“The Real Skinny: Appetite for Health’s 101 Fat Habits & Slim Solutions” by Julie Upton & Katherine Brooking

The Real Skinny cover

This review was originally published on Nutrition411.com.

About the Book

Penned by Appetite for Health’s founders and dietitian bloggers, The Real Skinny: Appetite for Health’s 101 Fat Habits & Slim Solutions provides practical tips and explanations to combat common nutrition roadblocks and misconceptions. From a collection of information about quantities of ingredients are needed for various prepared volumes, to a list of treats that yield 80-120 calories, the focus of this book is to provide suggestions for small changes that can be easily incorporated for big long-term results.

Backed by research, Julie Upton, MS, RD, CSSD, and Katherine Brooking, MS, RD, exhibit their experience in providing easily-applicable tricks to make positive changes for good nutrition and physical activity an integral part of anyone’s lifestyle. To that end, the book includes nutritious recipes for all meals to help those who are faced with the seemingly ever-present question, “What should I cook?”

Dietitian’s Review
The Real Skinny is a valuable book in that it teaches about the “doing” side of nutrition instead of just the “knowing” side. As a dietitian, I regularly talk with patients who say, “I know what I need to do, I just don’t do it.” This book is packed with handy suggestions to integrate good nutrition and physical activity into daily life. Rather than providing a diet with rules and labels of “good” and “bad,” lifestyle guidelines are the key component of The Real Skinny: Appetite for Health’s 101 Fat Habits & Slim Solutions , which are categorized into different chapters making it easy for readers to find those particular habits with which they struggle, and the “slim solution” that immediately follows. The book is a quick and easy read with a tone that encourages and motivates the reader.

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Then & Now: What It Means to be an Athlete

Then & NowAs I basked in the afterglow of a recent workout, I found myself reflecting on why exercise matters to me and what it really means to me.

I love to feel like an athlete. Several words help illustrate what my perception of an athlete:

Strong

Capable

Determined

Hardworking

Sweaty!

The more I thought about it, the realization dawned on me that I have always sought these feelings through exercise. As a tri-sport athlete in a small-town high school (I participated in volleyball, basketball, and track & field annually), I got my fill of feeling like an athlete through sports. As an adult, I have much less directed or structured athletic endeavors.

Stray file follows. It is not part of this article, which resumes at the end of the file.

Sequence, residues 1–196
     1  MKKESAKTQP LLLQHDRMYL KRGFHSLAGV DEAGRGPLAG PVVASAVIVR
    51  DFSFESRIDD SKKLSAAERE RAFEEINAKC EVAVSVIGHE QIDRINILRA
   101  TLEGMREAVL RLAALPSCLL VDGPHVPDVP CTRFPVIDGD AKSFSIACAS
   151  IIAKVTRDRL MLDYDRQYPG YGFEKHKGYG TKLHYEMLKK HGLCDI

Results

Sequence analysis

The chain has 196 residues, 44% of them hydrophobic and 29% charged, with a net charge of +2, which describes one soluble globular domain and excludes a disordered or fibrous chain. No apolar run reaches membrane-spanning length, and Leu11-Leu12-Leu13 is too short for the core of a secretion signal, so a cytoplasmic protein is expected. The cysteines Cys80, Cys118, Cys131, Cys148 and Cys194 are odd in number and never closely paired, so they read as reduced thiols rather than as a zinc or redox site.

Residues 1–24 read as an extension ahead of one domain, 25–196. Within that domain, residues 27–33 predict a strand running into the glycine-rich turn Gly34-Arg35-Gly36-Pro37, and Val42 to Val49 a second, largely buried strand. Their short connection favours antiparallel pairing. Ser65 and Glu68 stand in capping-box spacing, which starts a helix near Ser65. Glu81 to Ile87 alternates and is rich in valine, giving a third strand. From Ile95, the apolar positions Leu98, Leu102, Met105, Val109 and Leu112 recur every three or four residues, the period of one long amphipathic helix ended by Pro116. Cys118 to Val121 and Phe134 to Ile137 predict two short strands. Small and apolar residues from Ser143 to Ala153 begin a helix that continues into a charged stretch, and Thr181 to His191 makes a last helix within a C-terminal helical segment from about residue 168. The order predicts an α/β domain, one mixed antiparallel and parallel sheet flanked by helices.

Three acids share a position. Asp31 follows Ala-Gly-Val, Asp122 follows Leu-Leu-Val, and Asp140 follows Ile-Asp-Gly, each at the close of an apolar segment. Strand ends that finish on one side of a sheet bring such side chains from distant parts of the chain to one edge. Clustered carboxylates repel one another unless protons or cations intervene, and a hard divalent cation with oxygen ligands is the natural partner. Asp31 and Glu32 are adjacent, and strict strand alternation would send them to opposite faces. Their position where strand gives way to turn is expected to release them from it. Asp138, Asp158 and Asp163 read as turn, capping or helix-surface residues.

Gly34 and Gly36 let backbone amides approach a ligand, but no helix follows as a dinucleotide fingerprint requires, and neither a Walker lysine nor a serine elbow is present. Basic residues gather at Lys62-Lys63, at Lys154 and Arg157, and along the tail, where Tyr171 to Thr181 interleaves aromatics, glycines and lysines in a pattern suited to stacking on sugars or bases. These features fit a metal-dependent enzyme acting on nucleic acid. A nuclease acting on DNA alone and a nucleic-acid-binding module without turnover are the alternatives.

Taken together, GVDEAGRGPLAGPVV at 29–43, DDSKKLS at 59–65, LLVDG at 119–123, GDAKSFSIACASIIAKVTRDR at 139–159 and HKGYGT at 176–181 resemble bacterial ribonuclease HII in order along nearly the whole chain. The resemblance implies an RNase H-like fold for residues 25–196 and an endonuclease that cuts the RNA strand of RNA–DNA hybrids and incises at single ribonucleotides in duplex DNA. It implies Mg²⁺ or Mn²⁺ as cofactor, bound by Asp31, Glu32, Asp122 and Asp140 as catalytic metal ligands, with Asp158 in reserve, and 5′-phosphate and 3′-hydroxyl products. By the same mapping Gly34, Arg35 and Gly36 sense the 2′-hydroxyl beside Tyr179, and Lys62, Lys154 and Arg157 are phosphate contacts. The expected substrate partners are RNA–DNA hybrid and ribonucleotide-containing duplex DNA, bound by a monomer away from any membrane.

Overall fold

From the time I was in high school sports to adulthood, my drivers to reach that feeling of athleticism have changed substantially.

 

Competition with Others vs. Competition with Myself

In high school sports, being an athlete was very much geared toward being a better athlete than my competitors from other schools. I needed to be more than another person – more strong, more capable, just more. Now, I don’t much care where anyone else’s fitness skills are in relation to mine; if I can compete with myself and improve myself and my own fitness compared to where I was yesterday or last week or last year, I’m winning!

 

Stats vs. Health

In order to determine which of two people the better athlete is, sports statistics are used: race times, distances thrown, shots scored, wins/losses, etc. These days, I’m only comparing my statistics to my prior statistics. For me, fitness indicators include running pace, frequency of exercising, and pounds on the bench press bar. A few other numbers have been thrown into the mix, too – mainly, blood labs such as cholesterol and blood sugar that let us know if our bodies are healthy on the inside.

 

What I Can’t Do vs. What I Can Do

In competing with other athletes, it is important to find deficits and correct them to become a better contender. This results in more of a focus on can’t rather than can. For example, “I can’t consistently shoot free throws,” or “I can’t swim as fast as my competitor,” or “I can’t hit through that blocker.” When I compete only with myself, I get to focus on what I can do. Lately, my list includes, “I can run faster than before” and “I can lift more weight than last month” and “I can hold downward dog without wondering when the yoga instructor will let us change positions.” (That last one is a pretty fantastic accomplishment for me!)

 

Don’t get me wrong – sports are great! This simply reflects how my perspective on athleticism has changed over time

Whatever your reasons may be for seeking your version of athleticism, know that those are great and keep fueling that spark!

Why It’s Impossible to Fail at Making Healthy Changes

Why It's Impossible to Fail at Making Healthy ChangesFear of failure. We’ve all been there. We’ve all balked at intimidating undertakings because we’re concerned about failing.

What about making lifestyle changes to improve health?

Fear of failure is frequently cited as a reason for avoiding making changes. Those changes seem overwhelming and people claim to be concerned that they will not succeed.

 

Let me pose a hypothetical question: What if, instead of fear of failing, the real fear is that of finding greatness?

That probably sounds bit (or a lot) crazy, so let me explain.

As I said before, health-related lifestyle changes can seem extremely daunting. Most people are pretty comfortable in their current lives: eating in a comfortable way, exercising at a comfortable frequency and intensity. For some, that may mean giving limited thought or attention to food or exercise at all. Others may feel comfortable focusing greatly on their eating or exercise habits. No matter where a person is in their health journey, additional changes can feel like a step into the realm of discomfort.